JPP: Well… it’s not a beach read. It’s more like a university textbook. There’s a lot of good content but I recommend finding focused time to study. 


In terms of whether the CVA is necessary or not… I would say that when I started in this profession, I didn’t see many job postings asking for the credentials. Now, I see more and more. 


Aside from the network you’ll have access to, one of the beneficial things about the CVA is that you will need to study for the exam! 


Hear me out… as you study, you’ll learn about models and best practices that are immediately applicable to your day-to-day work. You’ll find things in the textbook that you’ll want to share with your colleagues and your manager. You’ll speak to others who are studying for the exam around the world, and you might meet folks who are facing similar challenges who you can collaborate with. 


The textbook is a great study tool but you should also check out workshops on the Professional Ethics in Volunteer Administration. They are usually free and posted on the CCVA’s LinkedIn page. Volunteer Toronto also runs a CVA Study Group that has a lot of additional resources and weekly live discussions. I found both the ethics workshop and the study group very helpful in my preparation to write the exam. 


GRB: What’s your take on LinkedIn? I’ve been thinking about creating an account and I can't believe I've gotten away with not creating one for this long!


In university, all my classmates in the political science program used LinkedIn. I was determined to stay away from it as long as I could. But, maybe I need to do it now?


JPP: If there's one social media platform I wouldn't delete, it would be LinkedIn. People's emails change; they go to different organizations and it might be hard to Google them. If you're on LinkedIn, you're connected and you can message them. 


Once you get your CVA, you can add “CVA” beside your name on LinkedIn and the credential to your profile. Every time you go to a workshop or a conference, you’ll make new connections that you can stay in touch with on LinkedIn. 


There's a lot of good learning opportunities that come out of just being on LinkedIn. This includes free workshops that you can sign up for, but I also love just opening my phone and scrolling LinkedIn instead of Instagram or TikTok. I get to see what folks are up to and learn about their ideas in bite-sized ways. 


GRB: Okay, I see the value. It’s all about connection. My dad is going to be so happy. He’s been at me forever to create a LinkedIn profile. 


JPP: I can’t wait for you to join and to connect with you on there! Make sure you join before you go to the VMPC conference in Vancouver. 


GRB: I’m going to start making my profile this evening! 


JPP: And there’s no need to complicate or overthink your profile. Sometimes the hardest part about doing something new is just getting started. Because we have this idea in our heads about what our LinkedIn profiles are supposed to look like. Because we see other people's beautiful LinkedIn profiles.


What you need to know is those people have been working on their profiles for decades. 


GRB: They’ve curated it over time. 


JPP: Yes- so don’t put the same pressure on yourself to do the same thing in a day. Don’t let perfect get in the way of good.


Think about what your profile is for. You’re not looking for a new job right now- your employer sounds pretty awesome.


GRB: Yes- I’m really happy where I’m at. 


JPP: Your focus is growing your network, learning new things, and preparing for the CVA exam. So, all your profile needs is your name, where you went to school, and your current job. If you have a professional photo you love, put that up too! 


GRB: I’m ready to build those online connections because I find that a lot of volunteer engagement thought leadership is coming out of Toronto. It can be hard being in Kelowna, working with social enterprise volunteers, when most of the other volunteer engagement professionals here have more traditional roles where they work with caregivers, or tutors, or at the food bank.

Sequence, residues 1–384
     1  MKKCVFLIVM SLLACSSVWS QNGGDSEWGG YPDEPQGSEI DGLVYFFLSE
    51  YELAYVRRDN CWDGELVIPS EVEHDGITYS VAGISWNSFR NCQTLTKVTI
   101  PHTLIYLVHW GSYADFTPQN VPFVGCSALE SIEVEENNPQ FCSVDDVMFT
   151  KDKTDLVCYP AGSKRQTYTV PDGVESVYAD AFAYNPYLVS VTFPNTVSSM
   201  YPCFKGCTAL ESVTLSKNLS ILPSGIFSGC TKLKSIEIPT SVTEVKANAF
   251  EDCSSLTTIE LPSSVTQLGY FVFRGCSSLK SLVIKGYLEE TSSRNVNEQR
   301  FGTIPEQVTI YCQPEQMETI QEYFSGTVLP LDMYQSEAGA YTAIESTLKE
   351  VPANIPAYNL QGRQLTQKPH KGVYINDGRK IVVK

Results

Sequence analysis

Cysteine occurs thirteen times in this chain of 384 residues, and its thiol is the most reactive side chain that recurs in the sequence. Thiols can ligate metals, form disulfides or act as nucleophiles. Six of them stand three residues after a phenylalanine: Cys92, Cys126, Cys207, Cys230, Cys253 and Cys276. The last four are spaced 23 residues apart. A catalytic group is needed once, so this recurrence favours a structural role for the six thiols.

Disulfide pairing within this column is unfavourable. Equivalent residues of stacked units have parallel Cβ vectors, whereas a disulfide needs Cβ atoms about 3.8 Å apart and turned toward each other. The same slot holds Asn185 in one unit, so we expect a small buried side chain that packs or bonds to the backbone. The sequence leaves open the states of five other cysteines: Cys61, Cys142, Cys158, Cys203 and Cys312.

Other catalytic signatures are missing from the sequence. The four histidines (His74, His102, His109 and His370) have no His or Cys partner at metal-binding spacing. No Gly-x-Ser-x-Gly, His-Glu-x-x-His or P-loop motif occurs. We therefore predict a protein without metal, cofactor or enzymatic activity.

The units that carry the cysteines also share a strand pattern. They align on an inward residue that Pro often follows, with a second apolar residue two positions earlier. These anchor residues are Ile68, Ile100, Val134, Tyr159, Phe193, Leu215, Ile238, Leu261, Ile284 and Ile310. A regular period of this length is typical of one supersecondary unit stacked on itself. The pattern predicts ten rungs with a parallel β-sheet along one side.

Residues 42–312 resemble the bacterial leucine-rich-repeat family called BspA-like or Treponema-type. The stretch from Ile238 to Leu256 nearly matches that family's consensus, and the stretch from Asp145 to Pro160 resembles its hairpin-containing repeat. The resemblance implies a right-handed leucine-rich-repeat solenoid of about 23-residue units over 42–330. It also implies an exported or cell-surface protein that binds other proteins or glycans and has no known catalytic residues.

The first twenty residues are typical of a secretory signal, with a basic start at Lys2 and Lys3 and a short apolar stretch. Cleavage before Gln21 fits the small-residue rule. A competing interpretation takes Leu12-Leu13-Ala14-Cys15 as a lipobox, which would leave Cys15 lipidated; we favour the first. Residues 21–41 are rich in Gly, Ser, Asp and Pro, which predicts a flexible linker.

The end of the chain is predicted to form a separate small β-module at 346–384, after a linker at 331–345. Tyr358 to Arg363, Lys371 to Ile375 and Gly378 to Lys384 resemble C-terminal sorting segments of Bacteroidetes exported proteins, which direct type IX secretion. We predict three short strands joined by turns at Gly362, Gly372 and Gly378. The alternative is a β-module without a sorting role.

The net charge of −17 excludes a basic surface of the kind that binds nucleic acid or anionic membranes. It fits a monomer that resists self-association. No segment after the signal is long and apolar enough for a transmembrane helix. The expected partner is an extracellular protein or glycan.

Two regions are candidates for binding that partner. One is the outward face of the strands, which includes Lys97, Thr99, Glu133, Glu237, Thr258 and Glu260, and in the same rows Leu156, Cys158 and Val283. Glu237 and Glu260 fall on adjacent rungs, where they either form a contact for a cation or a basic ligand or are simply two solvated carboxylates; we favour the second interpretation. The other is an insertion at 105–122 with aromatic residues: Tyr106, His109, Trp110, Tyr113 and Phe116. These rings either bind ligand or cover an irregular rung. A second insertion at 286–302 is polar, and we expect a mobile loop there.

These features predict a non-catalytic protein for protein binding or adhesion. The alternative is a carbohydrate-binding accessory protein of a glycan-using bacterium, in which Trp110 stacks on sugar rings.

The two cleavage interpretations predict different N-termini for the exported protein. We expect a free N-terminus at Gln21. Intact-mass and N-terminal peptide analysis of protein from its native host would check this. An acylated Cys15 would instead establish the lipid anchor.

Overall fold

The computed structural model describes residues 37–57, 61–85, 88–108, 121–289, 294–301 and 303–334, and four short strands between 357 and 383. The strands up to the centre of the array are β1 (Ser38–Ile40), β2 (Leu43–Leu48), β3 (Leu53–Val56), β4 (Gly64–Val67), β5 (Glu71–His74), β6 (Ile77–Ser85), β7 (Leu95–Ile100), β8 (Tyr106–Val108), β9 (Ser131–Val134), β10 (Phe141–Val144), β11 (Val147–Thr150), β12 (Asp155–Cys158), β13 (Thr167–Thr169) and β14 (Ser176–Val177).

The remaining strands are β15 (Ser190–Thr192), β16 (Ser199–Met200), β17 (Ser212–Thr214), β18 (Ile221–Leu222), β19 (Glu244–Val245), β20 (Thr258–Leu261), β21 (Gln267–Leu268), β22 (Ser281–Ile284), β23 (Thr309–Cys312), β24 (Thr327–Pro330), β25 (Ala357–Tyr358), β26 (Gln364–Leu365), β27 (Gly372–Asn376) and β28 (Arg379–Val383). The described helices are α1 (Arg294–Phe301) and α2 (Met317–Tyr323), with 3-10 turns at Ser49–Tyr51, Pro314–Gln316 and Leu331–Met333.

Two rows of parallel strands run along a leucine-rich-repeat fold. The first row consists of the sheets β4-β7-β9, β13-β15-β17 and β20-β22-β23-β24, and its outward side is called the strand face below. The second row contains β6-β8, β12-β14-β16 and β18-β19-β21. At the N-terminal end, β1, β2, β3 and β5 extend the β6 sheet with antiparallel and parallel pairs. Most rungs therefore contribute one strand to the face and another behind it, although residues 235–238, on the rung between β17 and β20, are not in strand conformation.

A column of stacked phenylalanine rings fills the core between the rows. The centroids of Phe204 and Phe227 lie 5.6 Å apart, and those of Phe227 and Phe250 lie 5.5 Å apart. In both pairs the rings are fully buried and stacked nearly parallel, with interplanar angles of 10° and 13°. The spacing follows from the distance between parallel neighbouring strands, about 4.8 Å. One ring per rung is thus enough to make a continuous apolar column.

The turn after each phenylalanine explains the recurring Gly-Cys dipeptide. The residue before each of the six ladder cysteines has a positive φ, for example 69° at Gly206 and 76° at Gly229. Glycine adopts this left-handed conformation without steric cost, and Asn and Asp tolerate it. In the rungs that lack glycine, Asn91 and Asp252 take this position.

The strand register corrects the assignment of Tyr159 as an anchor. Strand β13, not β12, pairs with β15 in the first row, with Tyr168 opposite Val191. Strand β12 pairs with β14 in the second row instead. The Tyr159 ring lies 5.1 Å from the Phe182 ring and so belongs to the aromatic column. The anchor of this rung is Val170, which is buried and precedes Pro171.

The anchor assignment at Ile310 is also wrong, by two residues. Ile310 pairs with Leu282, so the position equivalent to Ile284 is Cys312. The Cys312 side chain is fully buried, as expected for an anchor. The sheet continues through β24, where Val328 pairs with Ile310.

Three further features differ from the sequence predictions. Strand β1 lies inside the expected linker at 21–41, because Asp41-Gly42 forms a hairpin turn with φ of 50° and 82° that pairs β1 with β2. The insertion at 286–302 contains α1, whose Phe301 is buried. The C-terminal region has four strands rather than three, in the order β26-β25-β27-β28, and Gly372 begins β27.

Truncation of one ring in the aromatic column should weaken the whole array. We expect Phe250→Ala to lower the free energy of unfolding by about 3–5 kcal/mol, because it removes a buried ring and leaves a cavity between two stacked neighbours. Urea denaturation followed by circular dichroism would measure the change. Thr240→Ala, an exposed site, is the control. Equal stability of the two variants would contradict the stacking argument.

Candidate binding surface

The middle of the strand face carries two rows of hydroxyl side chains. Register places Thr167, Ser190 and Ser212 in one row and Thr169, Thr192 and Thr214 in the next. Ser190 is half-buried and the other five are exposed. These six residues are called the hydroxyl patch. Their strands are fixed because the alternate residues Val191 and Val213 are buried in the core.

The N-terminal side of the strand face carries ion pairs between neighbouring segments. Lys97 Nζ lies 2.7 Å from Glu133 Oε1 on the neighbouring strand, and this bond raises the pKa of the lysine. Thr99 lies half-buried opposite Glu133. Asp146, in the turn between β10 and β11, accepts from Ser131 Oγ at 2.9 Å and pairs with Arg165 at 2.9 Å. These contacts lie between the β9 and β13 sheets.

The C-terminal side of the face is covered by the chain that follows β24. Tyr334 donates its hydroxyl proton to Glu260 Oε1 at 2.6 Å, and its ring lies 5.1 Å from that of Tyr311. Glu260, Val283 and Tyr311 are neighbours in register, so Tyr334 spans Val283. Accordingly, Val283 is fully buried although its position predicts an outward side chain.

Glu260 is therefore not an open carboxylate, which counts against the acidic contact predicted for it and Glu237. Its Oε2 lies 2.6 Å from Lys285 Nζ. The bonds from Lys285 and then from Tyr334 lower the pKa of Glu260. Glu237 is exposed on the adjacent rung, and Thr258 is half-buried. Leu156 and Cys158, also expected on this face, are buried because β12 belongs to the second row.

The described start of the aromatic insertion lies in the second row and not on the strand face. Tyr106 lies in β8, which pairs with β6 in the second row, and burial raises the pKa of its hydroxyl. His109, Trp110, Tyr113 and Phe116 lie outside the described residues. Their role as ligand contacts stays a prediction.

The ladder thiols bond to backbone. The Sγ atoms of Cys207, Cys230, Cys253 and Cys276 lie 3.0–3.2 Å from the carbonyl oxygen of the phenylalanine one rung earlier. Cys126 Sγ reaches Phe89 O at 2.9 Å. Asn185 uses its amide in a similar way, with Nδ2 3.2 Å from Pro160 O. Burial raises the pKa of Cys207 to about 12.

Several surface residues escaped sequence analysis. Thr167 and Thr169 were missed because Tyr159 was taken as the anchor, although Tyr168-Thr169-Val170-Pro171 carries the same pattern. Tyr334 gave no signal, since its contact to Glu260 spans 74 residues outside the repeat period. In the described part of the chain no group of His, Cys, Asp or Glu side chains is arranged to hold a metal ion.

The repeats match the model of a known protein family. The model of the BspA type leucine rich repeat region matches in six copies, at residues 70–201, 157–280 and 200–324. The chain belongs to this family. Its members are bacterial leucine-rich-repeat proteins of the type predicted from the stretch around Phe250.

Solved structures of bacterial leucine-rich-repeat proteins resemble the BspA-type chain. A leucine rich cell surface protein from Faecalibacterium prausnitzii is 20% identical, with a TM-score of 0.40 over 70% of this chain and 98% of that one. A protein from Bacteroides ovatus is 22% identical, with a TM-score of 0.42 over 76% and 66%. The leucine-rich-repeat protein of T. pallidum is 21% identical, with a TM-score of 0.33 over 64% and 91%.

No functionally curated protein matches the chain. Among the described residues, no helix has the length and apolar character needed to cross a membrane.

JPP: Beyond Toronto, there’s a lot of amazing volunteer engagement innovation from the US, the UK, and Australia, especially around community centric work, breaking down barriers to engagement, and unlearning power and privilege. 


The Minnesota Alliance for Volunteer Advancement (MAVA) does some amazing work on racial justice. Breauna Dorelus from Atlanta has a company called Connecting the Cause. She teaches about serving communities and leading with respect and dignity instead of pity and power. She really looks at how our society has framed volunteerism through the white savior lens, which perpetuates and causes harm.  


Australia just launched their new National Strategy for Volunteering, which was co-designed with communities and stakeholders across the country. NCVO (The National Council for Volunteer Organisations) is based in England and has some fantastic research on the volunteer experience that I refer to regularly.  


GRB: I’ll look into those resources. Thanks for sharing! 


If you were going back to the start of your career, do you think you would prioritize doing a certificate or course in nonprofit management?


JPP: I think I would have. But… There's this thing in our sector called scarcity mindset. I experienced a lot of that when I was early in my career. I didn't know how to advocate for myself or if I tried to, and I failed so badly. 


Because I was in a scarcity mindset, I was scared to spend my own money on professional development and I was scared to ask my employer to help me. Doing a nonprofit management program may have saved me years of learning by watching and supporting my colleagues in fundraising, marketing, and program management, but I also appreciate how I learned the lessons I learned. 


A nonprofit management certificate or post-grad diploma will expand your knowledge beyond social enterprises and volunteer engagement. You’ll get a taste of finance, governance, strategy, partnerships, advocacy, and evaluation. 


When we spoke last summer, you mentioned that before you started at KGH Foundation, you considered going to graduate school. Carleton University has a Master of Philanthropy and Nonprofit Leadership program which Kelly Harbour, someone I really respect, completed a few years ago. 


You can do it part-time while working and online, except for the first two weeks of the first term, where you’ll have to be in Ottawa with the rest of your cohort. I think it’s something for you to consider a few years down the road and to prepare for, so check out the program and start looking at admission requirements.


GRB: It’s nice to have something to work towards and I will definitely keep this on my radar. 


JPP: I can’t wait to see where you will go! And to meet you in person this May! Thank you for taking the time to chat with me. 


GRB: Thanks, Jessica. See you soon!